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There is good news and bad news when it comes to credit bureaus and biases.

The good news is that credit reporting companies are taking active steps to reduce historical biases in credit reporting decisions, such as factoring lease payments into credit decisions and improving the accuracy of predictive tools. which are generally less accurate (up to 10%) for low-income and minority credit applicants.

The bad news? A historic bias still exists in the credit scoring market and it hurts financially disadvantaged U.S. lenders and creditors who need to step up and rectify the problem.

“It’s no secret that the financial industry has a history of bias,” said LBC Mortgage founder Alex Shekhtman. “From redlining to subprime lending, minority communities have long been underserved by lenders and credit providers.”

Although many institutions have worked to address these issues in recent years, historical biases continue to be a problem.

“A good example of historical bias would be when a financial institution only approves loan applications from people with a certain level of income or who own their own home,” Shekhtman told TheStreet. “This type of bias can prevent people on low incomes or who rent their homes from accessing credit and loans.”

Therefore, historical and systemic bias is a huge problem in the most widely used credit scoring models in the United States.

“Ways of judging ‘creditworthiness’ were determined in the 1950s and have not caught up to reflect today’s consumer,” said Zest AI general manager Mike deVere. “Because of this outdated system, millions of people in the United States are unable to get a loan. When you use more data and better math, they would realistically be a great person to approve a loan. .”

This scenario presents real problems for credit consumers in 2022.

“People can’t get a mortgage, buy a new car, pay for higher education because the system isn’t fair or accurate,” de Vere noted.

Zest offers an artificial intelligence solution

Fintech companies that help lenders and creditors eliminate historical biases in their credit decisions are emerging, and that’s good news for the credit scoring market.

Take Zest AI, which takes “more approvals, less risk” for credit application decisions.

Lenders using Zest have seen, on average, a 25% increase in approval rates with no added risk, and see a 40% reduction in chargebacks, along with solid improvements in automation and inclusive lending.

At First Service Credit Union in Houston, Texas, institution officials have moved away from a manual loan underwriting process and leveraged an auto loan model built by Zest to explore over 12,000 credit variables to find 250 data points that generated a much more accurate view of applicant creditworthiness.

The credit union saw its loan approval rate increase by 23% with less credit risk and less than two-second loan decision times.

Zest AI was able to lead the way to better loan outcomes and no historical credit bias by leveraging a simple AI-driven process – more data and better math.

“Our AI-automated underwriting technology is trained to take thousands of data points about a borrower, determine the top 200 or more that best indicate someone’s ability to repay a loan, and spit out a decision that’s consistent. and fair,” de Vere told TheStreet. “When you can label borrowers more accurately, you can better eliminate bias in your lending because you’re actually able to prove you’re lending fairly.”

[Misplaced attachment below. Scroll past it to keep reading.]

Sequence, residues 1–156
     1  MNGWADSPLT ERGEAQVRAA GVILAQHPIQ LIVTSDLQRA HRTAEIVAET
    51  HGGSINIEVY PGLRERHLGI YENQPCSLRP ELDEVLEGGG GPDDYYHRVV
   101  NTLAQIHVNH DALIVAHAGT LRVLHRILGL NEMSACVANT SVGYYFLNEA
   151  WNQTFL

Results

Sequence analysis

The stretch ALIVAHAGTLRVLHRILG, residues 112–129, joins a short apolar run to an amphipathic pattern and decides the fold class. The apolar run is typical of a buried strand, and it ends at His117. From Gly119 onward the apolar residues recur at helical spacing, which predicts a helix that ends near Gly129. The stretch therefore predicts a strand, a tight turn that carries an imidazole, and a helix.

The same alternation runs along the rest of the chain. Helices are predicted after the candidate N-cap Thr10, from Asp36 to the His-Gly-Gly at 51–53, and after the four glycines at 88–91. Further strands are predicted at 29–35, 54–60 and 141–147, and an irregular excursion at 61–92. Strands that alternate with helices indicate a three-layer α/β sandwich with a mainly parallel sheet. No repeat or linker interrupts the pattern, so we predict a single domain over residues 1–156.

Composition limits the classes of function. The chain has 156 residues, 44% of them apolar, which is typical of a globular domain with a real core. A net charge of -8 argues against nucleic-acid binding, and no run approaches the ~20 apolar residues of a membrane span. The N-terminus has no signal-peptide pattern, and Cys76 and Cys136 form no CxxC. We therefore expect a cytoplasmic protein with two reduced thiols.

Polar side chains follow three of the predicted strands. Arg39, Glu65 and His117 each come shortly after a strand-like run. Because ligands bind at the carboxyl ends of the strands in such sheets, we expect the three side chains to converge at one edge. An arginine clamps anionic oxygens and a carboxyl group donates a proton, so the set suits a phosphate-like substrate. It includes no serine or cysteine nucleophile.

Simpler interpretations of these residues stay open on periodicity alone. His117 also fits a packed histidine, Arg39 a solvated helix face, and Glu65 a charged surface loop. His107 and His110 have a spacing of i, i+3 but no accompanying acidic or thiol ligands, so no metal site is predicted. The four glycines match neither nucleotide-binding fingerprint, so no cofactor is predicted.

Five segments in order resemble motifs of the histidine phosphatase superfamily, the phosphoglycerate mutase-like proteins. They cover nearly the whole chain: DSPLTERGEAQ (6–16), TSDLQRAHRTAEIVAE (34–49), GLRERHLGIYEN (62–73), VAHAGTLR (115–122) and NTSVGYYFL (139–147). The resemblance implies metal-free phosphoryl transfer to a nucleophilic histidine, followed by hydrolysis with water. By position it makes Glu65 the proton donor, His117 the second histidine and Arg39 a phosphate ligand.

A path up for disadvantaged borrowers

For consumers who can’t seem to get a fair deal from lenders and creditors, AI-powered credit models could be a green light.

“The problem is that there’s a black box that prevents consumers from really understanding how their credit is decided, so they probably don’t know it,” de Vere noted. “But they need to understand that they’re not the only ones who think their credit score is inaccurate.”

One step credit consumers can take is to advocate for measures with their elected representatives, such as integrating AI into loan underwriting, that would improve the accuracy and fairness of credit decisions. .

“Consumers know they are more than a three-digit score and deserve fair access to credit,” de Vere said.

Financial institutions also need to step up and improve their track record of credit decisions based on historical bias.

“On the one hand, they can make an effort to increase the transparency of their decision-making process,” Shekhtman said. “That way, consumers can see why they were denied credit or why they received a higher interest rate.”

Shekhtman suggests three additional ways for lenders to ameliorate credit bias issues.

· Financial institutions can work with community groups and organizations to ensure that their products and services are accessible to everyone.

· Financial institutions can provide historical bias training to all employees involved in the lending process. “It will help employees identify instances of bias and take steps to avoid them,” Shekhtman said.

· Finally, institutions can provide financial education resources to help consumers understand the credit and lending process.

If you feel like you’ve been the victim of historical bias in a household’s credit or loan decision, there are a few things you can do.

“First, you can contact the lender or credit grantor and ask for an explanation,” Shekhtman added. “In addition, you can file a complaint with the Consumer Financial Protection Bureau or your state attorney general’s office.”

“It’s also a good idea to consult a housing counselor or civil rights attorney for more information about your credit rights and options.”


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